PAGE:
Mac OS 10.6 Snow Leopard: Visual QuickStart Guide

Support for Mac OS X 10.6 Snow Leopard Visual QuickStart Guide.

The latest update of this best-selling Visual QuickStart Guide will have you up and running in no time with Snow Leopard, the fastest and most reliable version of the Mac OS X ever. Respected, best-selling author Maria Langer will take you through all of Mac OS X’s groundbreaking capabilities and new features. With plenty of screenshots to clearly illustrate techniques, this reasonably priced guide is a great reference to the essentials of Mac OS X 10.6 Snow Leopard.

Get up and running in no time with the best-selling Visual QuickStart guides. The key to their worldwide popularity: concise, step-by-step explanations of core tools and techniques in a task-based reference format, with plenty of screenshots to keep you on track as you work.

Table of Contents

Chapter 1: Setting Up Mac OS X 10.6
Chapter 2: Finder Basics
Chapter 3: File Management
Chapter 4: Window Views
Chapter 5: Searching for Files
Chapter 6: Storage Media
Chapter 7: Advanced Finder Techniques
Chapter 8: Customizing the Finder
Chapter 9: Desktop Management
Chapter 10: Application Basics
Chapter 11: Using TextEdit
Chapter 12: Information Management
Chapter 13: Front Row
Chapter 14: Mac OS Applications
Chapter 15: Dashboard
Chapter 16: Fonts
Chapter 17: Printing & Faxing
Chapter 18: Connecting to the Internet
Chapter 19: Internet Applications
Chapter 20: Networking
Chapter 21: Multiple Users
Chapter 22: Security
Chapter 23: System Preferences
Chapter 24: Mac OS Utilities
Chapter 25: Getting Help
Appendix A: Menus & Keyboard Equivalents


From the Snow Leopard book:
Chapter 9: Desktop Management (pdf)

From the Leopard book (which still mostly applies to the Snow Leopard book):
Chapter 25: Automation Tools (pdf)

Frequently Asked Questions

Do you have questions about something in this book? Please check the comments for this page to see if it has already been asked and answered. If not, you can send Maria a question by using the Comments link or form for this page. Please keep in mind that Maria can only answer questions that are directly related to this edition of the book. Be sure to subscribe to page comments so you are notified when your question is answered.

4 thoughts on “Mac OS 10.6 Snow Leopard: Visual QuickStart Guide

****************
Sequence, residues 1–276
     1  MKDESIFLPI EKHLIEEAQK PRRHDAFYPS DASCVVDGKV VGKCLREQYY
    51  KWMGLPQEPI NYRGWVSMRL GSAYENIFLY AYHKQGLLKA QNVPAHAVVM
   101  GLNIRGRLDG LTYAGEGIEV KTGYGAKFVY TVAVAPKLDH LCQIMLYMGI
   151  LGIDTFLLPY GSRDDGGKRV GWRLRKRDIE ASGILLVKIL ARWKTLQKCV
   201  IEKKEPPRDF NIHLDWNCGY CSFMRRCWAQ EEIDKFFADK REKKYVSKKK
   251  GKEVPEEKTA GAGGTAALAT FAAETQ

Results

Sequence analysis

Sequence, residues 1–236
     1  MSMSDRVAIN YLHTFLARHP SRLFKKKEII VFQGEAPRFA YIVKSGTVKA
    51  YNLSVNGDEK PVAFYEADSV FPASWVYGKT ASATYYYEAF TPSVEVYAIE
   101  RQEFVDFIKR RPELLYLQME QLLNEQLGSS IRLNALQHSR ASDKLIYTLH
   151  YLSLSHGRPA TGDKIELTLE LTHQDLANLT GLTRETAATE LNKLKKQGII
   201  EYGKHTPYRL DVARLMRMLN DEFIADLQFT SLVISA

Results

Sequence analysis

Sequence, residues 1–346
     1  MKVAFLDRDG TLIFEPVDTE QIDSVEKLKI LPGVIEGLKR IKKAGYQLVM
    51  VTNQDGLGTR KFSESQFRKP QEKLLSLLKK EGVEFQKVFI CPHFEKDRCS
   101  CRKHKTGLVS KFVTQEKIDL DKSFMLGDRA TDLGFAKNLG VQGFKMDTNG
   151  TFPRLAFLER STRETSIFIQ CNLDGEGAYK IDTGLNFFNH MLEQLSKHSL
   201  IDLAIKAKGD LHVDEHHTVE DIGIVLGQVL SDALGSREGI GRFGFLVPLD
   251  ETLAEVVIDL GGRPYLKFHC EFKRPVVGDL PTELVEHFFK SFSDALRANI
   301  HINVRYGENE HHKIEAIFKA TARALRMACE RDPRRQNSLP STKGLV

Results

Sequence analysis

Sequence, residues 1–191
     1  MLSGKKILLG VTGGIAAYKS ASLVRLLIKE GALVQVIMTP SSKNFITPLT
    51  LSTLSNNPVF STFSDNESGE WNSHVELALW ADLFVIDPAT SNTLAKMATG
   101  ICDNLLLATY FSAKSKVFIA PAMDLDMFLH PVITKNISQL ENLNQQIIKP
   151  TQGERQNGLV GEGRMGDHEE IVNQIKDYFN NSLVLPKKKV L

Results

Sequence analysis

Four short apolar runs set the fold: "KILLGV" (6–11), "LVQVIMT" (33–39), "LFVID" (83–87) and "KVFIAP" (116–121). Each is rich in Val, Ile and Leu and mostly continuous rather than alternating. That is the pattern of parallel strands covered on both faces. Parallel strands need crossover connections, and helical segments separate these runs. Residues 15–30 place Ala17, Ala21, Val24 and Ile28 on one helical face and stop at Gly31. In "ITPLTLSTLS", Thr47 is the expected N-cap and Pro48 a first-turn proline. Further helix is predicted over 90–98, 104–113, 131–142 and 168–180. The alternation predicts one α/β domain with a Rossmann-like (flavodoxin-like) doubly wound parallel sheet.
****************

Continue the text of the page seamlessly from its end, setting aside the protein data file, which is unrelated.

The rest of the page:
1. Dear Maria,
    I just purchased your book “MAC OS X 10.6 Snow Leopard Visual Quickstart Guide.” I started reading on page xvii, Introduction. When clicking the “Finder” key, and then clicking the “About This Mac,” a window came up that says I have Mac OS X Version 10.6.4. If you have a moment and already know the differences, please be so kind as to let me know that your book will still be of service to me.

    I look forward to reading your book and becoming familiar with my new MacBook laptop computer. I am a “convert” from Windows. Just got tired of all the extra work I needed to do in order for it to remain working.


    • William,

      Welcome to Mac OS! Apple uses it’s versioning system to identify the types of differences between releases. Anything after the second dot is a maintenance release. So the differences between 10.6 and 10.6.1 and 10.6.x (etc.) is normally bug fix stuff. Where Microsoft seems to release an almost daily stream of updates and patches, Apple groups its minor updates together and releases them as new “versions” numbered after that second dot in the version number.

      So I guess what I’m trying to say is that there are probably not many visible or functional differences between 10.6 and 10.6.4. Most of the changes are “under-the-hood” bug fixes and enhancements.

      Apple does detail the changes on its Web site; you’d have to find the updated page for the version that interests you. When you use Software update and get notification of an update. Selecting the name of the update normally displays a list of changes.

      Hope this helps! Best of luck with your new Mac!

  2. Hi, Maria…Your book has been very helpful. I do have one question, though, that I’d like you to clear up if you can. In the chapter on Text Edit, you refer to a key (DEL) that may not exist on some keyboards and may be replaced by another key of a different designation. I have neither key on my wireless keyboard. Is there any way to erase words to the right of the cursor? It’s annoying to always have to delete the entire word or phrase or have to move the cursor all the way to the right before reversing direction to erase.
    Thanks for your anticipated assistance.

    • Douglas: fn-Delete should delete one character at a time to the right of the blinking insertion point. You can use this shortcut if your keyboard does not have a Del or Delete forward key.

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